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Saint of the Day November 25: St. Catherine of Alexandria

St. Catherine of Alexandria: Life, Martyrdom and Spiritual Legacy


St. Catherine of Alexandria




287, Alexandria, Egypt


305, Alexandria, Egypt


25 November


2004 edition


O candid flower of heaven and glorious St. Catherine, who, enriched by nature and grace with all the prerogatives that can promise great fortune in the world, never complacent about anything other than to observe exactly the most holy law of Jesus Christ, and in confessing His faith (washing to judges and tyrants, obtain for us, we beseech Thee, the grace never to instigate except the true goods, that is, the true Faith in Jesus, nor to be solicitous other than to advance in holiness. Grant us Your benign protection in the evils of this life and guide us, by the example of Your virtues, to the health of eternal life.

Patron Saint of

Scandiano, Gorgonzola, Guastalla, Grammichele, Pedara, Locri, Paceco, Bertinoro, Deruta, Dorgali

Protector of

Papermakers, potters, philosophers, millers, seamstresses, students

Roman Martyrology

In Alexandria St. Catherine, Virgin and Martyr, who, put in prison for her confession of the Christian faith under Emperor Maximinus, and then at length tormented with scorpions, finally beheaded accomplished her martyrdom. Her body, miraculously transported by Angels to Mount Sinai, is religiously venerated there by the numerous concourse of Christians.


The Saint and Mission

St. Catherine of Alexandria, an emblematic figure in the history of Christianity, offers a rich and profound perspective on the Christian mission. Her story, though shrouded in a veil of legend and mystery, speaks of a woman of extraordinary intelligence and faith, whose commitment to defending Christianity and confronting pagan philosophy left an indelible mark.

St. Catherine’s mission was characterized by her firm belief in the truth of the Christian faith and her willingness to engage in dialogue with the most brilliant minds of her time. Her challenge to the philosophers and wise men of the time, which, according to tradition, culminated in a great public debate, demonstrates a rare combination of intelligence, eloquence and deep faith. This aspect of her life illustrates an approach to mission that is not limited to preaching, but extends to intellectual dialogue and confrontation of ideas.

Moreover, the story of St. Catherine of Alexandria tells us about her courage in the face of persecution and her martyrdom. Her refusal to abandon her faith and submit to the emperor’s demands, even in the face of the threat of death, is a powerful example of Christian witness. Her martyrdom became a symbol of endurance and fidelity to the Gospel, inspiring countless Christians in subsequent generations.

St. Catherine’s life also reminds us of the importance of the role of women in the mission of the Church. Her figure as an intellectual, theologian and martyr challenges traditional perceptions of women’s roles in society and the early Church, showing how Christian mission transcends gender boundaries.

St. Catherine of Alexandria embodies a model of Christian mission that is at once intellectual, courageous and deeply rooted in faith. Her story invites us to reflect on how we can use our gifts and talents in the service of the Gospel and to recognize the value of dialogue, witness and martyrdom in our missionary call.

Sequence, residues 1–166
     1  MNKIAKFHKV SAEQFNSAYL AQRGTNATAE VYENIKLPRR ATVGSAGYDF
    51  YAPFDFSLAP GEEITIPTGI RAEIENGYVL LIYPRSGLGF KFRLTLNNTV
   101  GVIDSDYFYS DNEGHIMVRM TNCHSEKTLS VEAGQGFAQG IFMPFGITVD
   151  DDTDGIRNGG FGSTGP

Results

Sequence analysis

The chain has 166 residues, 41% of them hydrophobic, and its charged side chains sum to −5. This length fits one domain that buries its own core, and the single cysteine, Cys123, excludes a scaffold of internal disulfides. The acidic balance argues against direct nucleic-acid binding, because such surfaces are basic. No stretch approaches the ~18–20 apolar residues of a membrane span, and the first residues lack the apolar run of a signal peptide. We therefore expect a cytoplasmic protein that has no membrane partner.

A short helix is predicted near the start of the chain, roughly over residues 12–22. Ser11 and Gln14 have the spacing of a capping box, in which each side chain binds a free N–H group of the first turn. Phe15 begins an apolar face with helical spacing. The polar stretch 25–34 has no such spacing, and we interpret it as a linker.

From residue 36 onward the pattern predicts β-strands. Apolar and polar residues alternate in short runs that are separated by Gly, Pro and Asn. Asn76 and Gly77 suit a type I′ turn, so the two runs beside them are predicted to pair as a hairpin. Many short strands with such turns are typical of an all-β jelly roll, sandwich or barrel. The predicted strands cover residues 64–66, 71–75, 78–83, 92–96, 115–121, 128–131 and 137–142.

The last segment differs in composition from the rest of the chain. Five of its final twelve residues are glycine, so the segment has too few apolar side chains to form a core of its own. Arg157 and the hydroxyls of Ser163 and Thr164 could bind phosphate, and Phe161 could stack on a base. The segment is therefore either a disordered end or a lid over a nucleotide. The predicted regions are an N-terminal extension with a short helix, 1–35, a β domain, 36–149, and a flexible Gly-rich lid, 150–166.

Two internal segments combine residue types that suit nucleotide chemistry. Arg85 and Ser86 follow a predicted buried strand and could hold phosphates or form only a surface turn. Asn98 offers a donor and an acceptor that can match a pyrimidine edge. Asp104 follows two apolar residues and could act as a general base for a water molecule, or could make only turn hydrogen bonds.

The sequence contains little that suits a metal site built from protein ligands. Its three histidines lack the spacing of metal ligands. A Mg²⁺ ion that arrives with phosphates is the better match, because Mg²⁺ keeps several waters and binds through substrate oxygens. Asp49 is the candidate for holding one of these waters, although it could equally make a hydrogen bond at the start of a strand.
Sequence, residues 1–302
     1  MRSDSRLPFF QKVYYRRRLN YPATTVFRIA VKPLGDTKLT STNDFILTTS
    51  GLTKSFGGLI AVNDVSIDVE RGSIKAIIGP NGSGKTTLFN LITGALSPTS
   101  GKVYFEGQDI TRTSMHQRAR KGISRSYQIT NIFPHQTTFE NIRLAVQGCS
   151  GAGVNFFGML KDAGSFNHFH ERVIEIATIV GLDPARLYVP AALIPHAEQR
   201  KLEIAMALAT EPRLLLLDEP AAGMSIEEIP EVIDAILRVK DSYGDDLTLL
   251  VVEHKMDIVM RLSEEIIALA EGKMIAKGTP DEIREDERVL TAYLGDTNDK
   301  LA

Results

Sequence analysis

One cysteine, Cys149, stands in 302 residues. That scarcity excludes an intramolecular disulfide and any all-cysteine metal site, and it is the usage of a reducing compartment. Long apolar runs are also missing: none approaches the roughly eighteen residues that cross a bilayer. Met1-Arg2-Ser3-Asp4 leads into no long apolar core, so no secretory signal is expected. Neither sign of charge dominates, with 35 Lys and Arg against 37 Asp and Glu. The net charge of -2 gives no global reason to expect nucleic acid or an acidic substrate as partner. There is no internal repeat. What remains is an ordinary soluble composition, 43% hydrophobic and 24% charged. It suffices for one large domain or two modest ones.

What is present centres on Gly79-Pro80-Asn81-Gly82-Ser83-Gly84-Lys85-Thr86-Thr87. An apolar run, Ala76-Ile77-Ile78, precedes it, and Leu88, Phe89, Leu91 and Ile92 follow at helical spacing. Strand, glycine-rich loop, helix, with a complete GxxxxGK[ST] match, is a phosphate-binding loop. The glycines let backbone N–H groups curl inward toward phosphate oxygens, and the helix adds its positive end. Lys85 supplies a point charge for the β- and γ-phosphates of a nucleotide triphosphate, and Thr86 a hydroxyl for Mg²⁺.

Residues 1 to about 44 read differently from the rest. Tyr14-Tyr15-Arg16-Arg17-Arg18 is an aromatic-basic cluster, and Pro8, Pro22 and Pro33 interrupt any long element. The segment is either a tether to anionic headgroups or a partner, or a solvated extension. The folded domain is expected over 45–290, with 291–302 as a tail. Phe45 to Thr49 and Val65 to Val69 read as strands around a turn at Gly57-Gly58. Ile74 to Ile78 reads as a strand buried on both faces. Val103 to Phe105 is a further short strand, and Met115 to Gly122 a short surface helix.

The Saint and Mercy

St. Catherine of Alexandria, one of the most revered saints in the Christian tradition, offers a unique and powerful interpretation of mercy through her story of faith, wisdom and courage. Although her life is shrouded in legend, the central message of her story remains a powerful witness to Christian mercy.

St. Catherine’s mercy is manifested primarily in her passion for truth and her dedication to defend the Christian faith. According to tradition, Catherine, endowed with extraordinary intelligence and culture, challenged the philosophers of the time to defend the Christian faith. This defense was not only an act of apologetics, but also an expression of deep mercy: she sought to open the eyes of her interlocutors to the truth of the Gospel, showing them the way to salvation.

Moreover, Catherine’s mercy emerged in her concern for her people and her refusal to abandon her faith, despite threats and persecution. Her determination to remain faithful to Christ, even in the face of death, is a clear sign of her compassion for the souls of others and her willingness to suffer for the greater good of truth and justice.

St. Catherine’s martyrdom is perhaps the highest expression of her mercy. By offering her life rather than renouncing her faith, she demonstrated a love and compassion that transcended her own safety and well-being. Her sacrifice is a supreme act of mercy in that it witnesses to the truth of Christ in a way that continues to inspire the faithful throughout the world.

The life of St. Catherine of Alexandria teaches us that mercy goes beyond the act of providing physical or emotional assistance; it also includes defending the truth and bearing witness to the faith, even in the face of the greatest difficulties. Her story is a reminder that we are called to show mercy not only through our actions, but also through our commitment to truth, justice and fidelity to the principles of the Gospel.


Born of royal lineage, she was endowed by nature with such rare wit and beauty that she was esteemed the most fortunate young woman in the city. Instructed in all sciences, but especially in philosophy by the most celebrated rhetoricians, she knew how to raise her intellect above material things, and from creatures to ascend to the Creator. Therefore, as soon as she heard of the religion of Christ, her keen intellect aided by God’s grace understood that it was the true doctrine, and…


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